Unusual Intramolecular Kinetic Isotope Effects: Selectivity beyond Transition State Theory’s Jurisdiction
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The nature of non-statistical dynamic Kinetic Isotope Effects for a series of ordinary organic reactions is studied throughout this dissertation. A combination of experimental intramolecular KIEs using NMR methodology with computational calculations was employed in order to shed light about the selectivity in the Diels-Alder dimerization of methacrolein and cyclopentadienone, the iminium catalyzed Diels-Alder between cyclopentadiene and trans-cinnamaldehyde and the cleavage of alkoxy radicals. Newtonian isotope effects as the underlying physical phenomena behind the KIEs in the thermal dimerization of methcrolein was studied. The temperature dependence of these novel form of KIEs was investigated by analyzing the isotopic distribution at dicyclopentadienone prepared at low and high temperatures. It was shown that Newtonian KIEs are temperature independent over a range of 100 degrees. The non-statistical behavior in the cleavage of alkoxy radicals has been investigated. These highly reactive intermediates are prone to behave in a non-statistical fashion due to their excess energy. The opening of 1-methylcyclopentoxy radical has shown that heavy-atom tunneling can play an important role even at elevated temperatures. As the barrier for the cleavage for alkoxy radicals is decreased, other dynamic effects start to impact the selectivity of this reaction in ways that TST cannot account for. On the iminium catalyzed Diels-Alder reaction between cyclopentadiene and transcinnamaldehyde, computational calculations support a two steps cycloaddition on the free energy surface and a “seemingly concerted” reaction in potential energy. The role of non-statistical recrossing for this cycloaddition was investigated experimentally by measuring intramolecular KIEs.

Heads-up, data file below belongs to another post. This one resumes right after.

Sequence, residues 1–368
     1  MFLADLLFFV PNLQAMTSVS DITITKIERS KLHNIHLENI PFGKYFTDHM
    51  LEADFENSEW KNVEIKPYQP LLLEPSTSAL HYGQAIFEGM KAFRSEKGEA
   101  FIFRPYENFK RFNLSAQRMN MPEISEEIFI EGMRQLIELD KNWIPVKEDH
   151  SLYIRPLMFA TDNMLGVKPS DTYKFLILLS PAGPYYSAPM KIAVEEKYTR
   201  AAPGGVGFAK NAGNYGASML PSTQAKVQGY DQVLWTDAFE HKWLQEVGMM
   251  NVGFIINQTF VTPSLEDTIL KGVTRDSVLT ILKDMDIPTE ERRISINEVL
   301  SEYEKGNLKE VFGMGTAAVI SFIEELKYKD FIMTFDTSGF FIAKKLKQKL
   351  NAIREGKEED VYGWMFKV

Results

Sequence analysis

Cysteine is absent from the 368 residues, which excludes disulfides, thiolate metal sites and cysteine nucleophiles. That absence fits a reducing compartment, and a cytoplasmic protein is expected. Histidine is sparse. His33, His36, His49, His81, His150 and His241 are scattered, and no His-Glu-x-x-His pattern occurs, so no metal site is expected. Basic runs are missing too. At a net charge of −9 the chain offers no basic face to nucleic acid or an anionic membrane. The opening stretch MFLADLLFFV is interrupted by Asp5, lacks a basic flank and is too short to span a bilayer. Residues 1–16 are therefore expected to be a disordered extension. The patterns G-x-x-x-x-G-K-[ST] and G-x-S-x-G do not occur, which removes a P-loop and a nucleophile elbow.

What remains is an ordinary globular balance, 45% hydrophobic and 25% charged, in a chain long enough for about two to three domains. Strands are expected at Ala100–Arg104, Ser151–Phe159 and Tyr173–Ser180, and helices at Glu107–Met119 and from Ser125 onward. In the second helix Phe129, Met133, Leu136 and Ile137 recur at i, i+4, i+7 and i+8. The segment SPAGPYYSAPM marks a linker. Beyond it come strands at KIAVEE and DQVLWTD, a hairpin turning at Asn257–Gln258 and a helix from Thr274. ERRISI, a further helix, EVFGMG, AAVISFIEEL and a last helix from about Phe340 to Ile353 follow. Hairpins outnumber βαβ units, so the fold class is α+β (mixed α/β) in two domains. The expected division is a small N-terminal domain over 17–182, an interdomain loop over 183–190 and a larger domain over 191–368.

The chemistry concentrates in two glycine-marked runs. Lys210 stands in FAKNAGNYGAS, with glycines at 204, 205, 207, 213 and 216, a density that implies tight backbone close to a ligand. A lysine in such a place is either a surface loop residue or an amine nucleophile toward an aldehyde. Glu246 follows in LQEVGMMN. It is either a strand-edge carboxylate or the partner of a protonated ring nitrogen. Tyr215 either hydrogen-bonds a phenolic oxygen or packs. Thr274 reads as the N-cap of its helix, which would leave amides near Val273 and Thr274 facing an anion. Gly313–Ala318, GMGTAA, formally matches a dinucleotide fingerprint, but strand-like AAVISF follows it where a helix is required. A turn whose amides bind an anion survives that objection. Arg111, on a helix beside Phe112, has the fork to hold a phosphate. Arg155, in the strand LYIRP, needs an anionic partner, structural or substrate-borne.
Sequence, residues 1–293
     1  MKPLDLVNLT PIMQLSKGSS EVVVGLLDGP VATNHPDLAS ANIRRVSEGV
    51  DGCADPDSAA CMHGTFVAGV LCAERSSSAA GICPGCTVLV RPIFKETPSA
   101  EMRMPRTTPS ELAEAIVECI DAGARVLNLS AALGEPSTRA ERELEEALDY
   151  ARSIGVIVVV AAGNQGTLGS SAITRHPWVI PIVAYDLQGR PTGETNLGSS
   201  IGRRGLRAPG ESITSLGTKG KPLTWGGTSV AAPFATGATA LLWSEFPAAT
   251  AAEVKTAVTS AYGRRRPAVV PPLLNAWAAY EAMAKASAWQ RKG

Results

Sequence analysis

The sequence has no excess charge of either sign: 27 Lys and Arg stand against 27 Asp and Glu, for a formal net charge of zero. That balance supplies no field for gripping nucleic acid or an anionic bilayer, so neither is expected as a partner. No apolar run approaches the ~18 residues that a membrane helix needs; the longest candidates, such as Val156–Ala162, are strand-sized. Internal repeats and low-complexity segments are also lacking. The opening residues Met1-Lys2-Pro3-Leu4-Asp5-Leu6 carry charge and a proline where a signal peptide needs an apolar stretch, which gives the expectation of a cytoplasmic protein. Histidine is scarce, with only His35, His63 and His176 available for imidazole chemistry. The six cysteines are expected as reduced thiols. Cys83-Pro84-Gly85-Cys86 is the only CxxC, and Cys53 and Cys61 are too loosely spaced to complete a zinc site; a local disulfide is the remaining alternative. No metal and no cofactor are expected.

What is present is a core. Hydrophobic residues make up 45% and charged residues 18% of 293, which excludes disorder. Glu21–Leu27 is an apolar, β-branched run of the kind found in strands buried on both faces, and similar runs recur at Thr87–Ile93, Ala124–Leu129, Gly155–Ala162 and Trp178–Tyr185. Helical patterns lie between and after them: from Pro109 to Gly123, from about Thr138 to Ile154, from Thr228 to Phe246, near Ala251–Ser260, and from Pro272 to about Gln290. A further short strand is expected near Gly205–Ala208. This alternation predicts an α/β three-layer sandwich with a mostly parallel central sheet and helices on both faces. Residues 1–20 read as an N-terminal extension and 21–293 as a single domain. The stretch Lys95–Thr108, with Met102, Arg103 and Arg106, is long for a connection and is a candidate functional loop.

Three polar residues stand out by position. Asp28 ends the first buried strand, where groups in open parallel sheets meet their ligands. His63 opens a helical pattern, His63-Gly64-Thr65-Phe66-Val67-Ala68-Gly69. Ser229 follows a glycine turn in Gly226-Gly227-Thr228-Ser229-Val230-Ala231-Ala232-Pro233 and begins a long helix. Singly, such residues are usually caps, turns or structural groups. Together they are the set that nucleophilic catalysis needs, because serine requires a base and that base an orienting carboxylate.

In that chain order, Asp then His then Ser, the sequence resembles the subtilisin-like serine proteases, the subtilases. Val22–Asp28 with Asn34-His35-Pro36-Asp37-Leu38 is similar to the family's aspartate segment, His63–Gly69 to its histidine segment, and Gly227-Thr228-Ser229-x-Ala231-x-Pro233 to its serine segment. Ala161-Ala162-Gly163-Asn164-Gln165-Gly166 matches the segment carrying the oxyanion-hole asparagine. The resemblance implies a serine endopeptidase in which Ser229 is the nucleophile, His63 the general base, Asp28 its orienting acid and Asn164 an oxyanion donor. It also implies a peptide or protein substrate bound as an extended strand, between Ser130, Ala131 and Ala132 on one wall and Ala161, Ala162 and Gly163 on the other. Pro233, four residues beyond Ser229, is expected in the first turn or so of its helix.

Andujar-De Sanctis, Ivonne (2014). Unusual Intramolecular Kinetic Isotope Effects: Selectivity beyond Transition State Theory’s Jurisdiction. Doctoral dissertation, Texas A & M University. Available electronically from